An article in today’s Times reports that shyness is now classified as a ‘syndrome’ and some experts believe that half the population suffer from it. Surely, half the population being shy means it’s just as normal as not being shy? Is there anyone who has never felt shy, ever – if so, he or she is surely the oddity.
It’s a carefully balanced article, which questions whether medicalisation of a personality trait is a good idea, whilst acknowledging the considerable difficulties shyness can cause.
I was the shyest child I have ever known. My life was paralysed by my inability to behave normally with other people. I never volunteered information or opinions at school and, although I did have friends, was never able to relax as I felt that there was a secret social code that I’d never learned and at any time I might make a frightful error that would make everyone despise and laugh at me. I never referred to anyone as a friend as they might not see me that way. I avoided calling people by their name but the reason for this is just too embarrassing to write. Parties were a nightmare. I did not use the telephone unless unavoidable – phoning people was just so intrusive.
Now I’m not shy. It took a while but I got over it.
I looked for the reasons for my shyness and realised that a lot of it was, not a lack of self-esteem, but too much of it. I didn’t try so that I would not fail but neither, of course, would I succeed. I realised that it didn’t matter if I made a fool of myself – this was a revelation. Even if I was embarrassed, even if everyone laughed, if I could see that it was indeed ridiculous and laugh too then I would feel closer to them, not more distant. If I concentrated on other people rather than myself, I might be kinder and more thoughtful.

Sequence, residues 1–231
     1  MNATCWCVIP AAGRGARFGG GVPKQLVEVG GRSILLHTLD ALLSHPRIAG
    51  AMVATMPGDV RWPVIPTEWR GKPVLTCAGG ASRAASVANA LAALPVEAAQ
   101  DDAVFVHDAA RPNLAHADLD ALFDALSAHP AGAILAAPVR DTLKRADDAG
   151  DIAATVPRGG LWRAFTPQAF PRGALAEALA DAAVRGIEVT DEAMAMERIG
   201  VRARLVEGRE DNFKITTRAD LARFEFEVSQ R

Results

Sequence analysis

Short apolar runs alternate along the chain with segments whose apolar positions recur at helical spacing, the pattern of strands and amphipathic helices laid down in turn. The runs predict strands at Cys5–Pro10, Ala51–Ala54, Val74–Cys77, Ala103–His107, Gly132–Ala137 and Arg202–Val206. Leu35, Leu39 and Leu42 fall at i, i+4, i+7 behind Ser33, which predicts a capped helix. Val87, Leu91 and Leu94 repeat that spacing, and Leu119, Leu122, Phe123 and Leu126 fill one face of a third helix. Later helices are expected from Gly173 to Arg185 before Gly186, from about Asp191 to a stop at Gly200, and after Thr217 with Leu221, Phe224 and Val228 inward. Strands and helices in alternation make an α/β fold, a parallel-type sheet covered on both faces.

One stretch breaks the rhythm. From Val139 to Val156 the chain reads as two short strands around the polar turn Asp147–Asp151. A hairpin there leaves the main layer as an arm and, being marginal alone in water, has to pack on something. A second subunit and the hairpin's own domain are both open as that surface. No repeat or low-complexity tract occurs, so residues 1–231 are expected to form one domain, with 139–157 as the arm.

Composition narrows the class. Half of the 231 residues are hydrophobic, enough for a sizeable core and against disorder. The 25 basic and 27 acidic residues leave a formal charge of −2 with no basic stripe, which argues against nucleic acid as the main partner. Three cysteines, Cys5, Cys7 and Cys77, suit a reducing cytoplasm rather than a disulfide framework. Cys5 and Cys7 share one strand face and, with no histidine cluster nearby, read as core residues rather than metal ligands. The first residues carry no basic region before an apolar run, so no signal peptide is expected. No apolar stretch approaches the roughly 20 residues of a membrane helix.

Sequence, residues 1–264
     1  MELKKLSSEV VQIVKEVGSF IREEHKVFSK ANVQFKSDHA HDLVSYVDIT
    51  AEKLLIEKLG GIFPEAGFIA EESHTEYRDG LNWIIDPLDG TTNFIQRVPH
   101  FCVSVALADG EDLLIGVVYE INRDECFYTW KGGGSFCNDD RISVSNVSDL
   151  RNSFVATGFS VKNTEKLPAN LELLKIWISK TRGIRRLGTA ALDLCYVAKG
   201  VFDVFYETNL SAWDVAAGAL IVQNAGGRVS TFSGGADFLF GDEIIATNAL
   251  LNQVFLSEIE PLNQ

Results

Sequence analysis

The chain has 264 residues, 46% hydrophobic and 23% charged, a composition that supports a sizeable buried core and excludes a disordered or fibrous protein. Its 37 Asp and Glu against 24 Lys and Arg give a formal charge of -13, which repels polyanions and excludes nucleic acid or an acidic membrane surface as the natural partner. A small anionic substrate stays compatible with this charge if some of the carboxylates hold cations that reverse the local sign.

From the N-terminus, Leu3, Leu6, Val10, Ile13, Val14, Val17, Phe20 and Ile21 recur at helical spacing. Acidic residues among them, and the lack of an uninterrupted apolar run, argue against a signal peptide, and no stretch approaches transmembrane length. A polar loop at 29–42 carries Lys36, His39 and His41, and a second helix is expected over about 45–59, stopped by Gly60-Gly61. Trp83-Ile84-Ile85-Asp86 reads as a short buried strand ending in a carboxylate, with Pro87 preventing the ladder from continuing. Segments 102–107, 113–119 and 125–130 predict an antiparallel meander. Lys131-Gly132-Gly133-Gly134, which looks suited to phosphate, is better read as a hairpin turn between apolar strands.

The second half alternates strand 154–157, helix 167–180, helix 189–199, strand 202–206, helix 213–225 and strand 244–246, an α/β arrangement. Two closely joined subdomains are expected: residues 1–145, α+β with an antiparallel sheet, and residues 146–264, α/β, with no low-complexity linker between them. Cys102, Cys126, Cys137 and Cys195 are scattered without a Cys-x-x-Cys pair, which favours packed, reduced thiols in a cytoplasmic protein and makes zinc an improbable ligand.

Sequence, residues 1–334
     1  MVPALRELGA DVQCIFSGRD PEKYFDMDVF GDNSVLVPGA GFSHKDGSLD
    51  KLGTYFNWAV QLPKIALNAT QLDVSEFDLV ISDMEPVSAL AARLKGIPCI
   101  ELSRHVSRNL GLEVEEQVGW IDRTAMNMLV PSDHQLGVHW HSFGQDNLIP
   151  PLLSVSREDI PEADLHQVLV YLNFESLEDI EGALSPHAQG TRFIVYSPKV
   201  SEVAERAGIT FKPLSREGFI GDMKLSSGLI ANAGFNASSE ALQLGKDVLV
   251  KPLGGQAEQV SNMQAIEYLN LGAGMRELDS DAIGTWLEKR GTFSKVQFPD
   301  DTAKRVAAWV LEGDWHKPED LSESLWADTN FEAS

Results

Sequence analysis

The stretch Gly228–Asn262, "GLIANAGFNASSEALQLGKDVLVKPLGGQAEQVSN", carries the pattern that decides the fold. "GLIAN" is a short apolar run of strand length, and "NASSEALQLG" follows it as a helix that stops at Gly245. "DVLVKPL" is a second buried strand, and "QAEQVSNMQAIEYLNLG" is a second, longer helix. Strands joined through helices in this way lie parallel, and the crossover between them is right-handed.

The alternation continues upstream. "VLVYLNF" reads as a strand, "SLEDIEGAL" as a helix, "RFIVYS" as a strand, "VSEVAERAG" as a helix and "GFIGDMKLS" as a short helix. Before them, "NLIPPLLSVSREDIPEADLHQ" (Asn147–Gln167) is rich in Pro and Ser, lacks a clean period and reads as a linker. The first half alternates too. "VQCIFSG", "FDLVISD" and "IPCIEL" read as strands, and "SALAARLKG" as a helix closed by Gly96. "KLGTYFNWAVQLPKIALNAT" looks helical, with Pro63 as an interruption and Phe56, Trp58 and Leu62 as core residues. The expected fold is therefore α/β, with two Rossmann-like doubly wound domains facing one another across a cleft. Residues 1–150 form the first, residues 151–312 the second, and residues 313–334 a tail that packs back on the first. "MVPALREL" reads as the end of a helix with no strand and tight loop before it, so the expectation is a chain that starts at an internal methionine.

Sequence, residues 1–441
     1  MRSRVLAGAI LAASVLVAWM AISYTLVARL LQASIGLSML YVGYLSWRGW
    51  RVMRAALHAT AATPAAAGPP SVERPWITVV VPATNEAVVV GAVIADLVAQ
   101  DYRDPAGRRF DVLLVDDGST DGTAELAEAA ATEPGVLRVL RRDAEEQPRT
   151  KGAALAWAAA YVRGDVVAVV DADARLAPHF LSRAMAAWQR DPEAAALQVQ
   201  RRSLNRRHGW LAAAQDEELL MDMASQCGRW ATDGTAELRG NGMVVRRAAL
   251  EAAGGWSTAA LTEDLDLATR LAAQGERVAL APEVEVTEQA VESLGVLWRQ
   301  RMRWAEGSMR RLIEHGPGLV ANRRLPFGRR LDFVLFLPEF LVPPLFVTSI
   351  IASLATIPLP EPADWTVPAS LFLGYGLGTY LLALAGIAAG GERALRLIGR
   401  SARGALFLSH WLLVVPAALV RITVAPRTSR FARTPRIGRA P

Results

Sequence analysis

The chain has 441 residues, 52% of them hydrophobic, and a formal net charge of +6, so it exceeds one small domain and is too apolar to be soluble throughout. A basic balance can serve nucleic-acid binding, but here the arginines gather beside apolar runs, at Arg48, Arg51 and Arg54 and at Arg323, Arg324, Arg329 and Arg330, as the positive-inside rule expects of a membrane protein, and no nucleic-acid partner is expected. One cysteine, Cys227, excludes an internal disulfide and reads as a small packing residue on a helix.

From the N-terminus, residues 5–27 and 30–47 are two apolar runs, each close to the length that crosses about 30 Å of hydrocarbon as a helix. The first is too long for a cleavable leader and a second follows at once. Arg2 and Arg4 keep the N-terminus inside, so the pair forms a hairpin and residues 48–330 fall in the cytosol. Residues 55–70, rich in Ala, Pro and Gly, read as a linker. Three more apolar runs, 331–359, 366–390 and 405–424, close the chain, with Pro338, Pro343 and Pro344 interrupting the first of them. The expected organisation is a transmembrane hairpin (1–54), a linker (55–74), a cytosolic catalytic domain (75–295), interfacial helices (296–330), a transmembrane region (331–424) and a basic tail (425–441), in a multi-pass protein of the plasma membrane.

I don’t necessarily suggest telling a shy person that he or she is self-centred, proud and arrogant, and I’m sure that many of them aren’t. But I wonder now if, instead of giving in to me or else trying to jolly or embarrass me out of it, someone might have had better results by pointing out that everyone feels shy, no one likes to get things wrong, but that’s the way it is. Cope with it. Who am I, to think that I matter? No one is really looking at me, after all. It might have worked, could have been surprisingly reassuring.
In the paper there was a shyness test from the Shyness Research Institute at Indiana University (yes, really). Imagining myself 30 years ago, I scored maximum marks of 21 ‘shyness is preventing you from reaching your full potential.’ Now I’d score 9 (minimum score 7 as you have to give yourself a point even if the question does not apply to you at all) and ‘shyness does not seem to be a problem’. Of course, I now classify any feeling of shyness in myself as pride, cowardice or understandable nervousness that I can overcome.
On the other hand, the last paragraph includes a quote from Jerome K. Jerome, who, shy himself, advises against finding a cure “Your attempt to put on any other disposition than your own will infallibly result in your becoming ridiculously gushing and offensively familiar. Be your own natural self, and then you will only be thought surly and stupid.”
Ridiculously gushing? – oh dear, I recognise myself. Nowadays it’s the surly and stupid part I try to hide.
You will notice that I’ve avoided mentioning offensively familiar.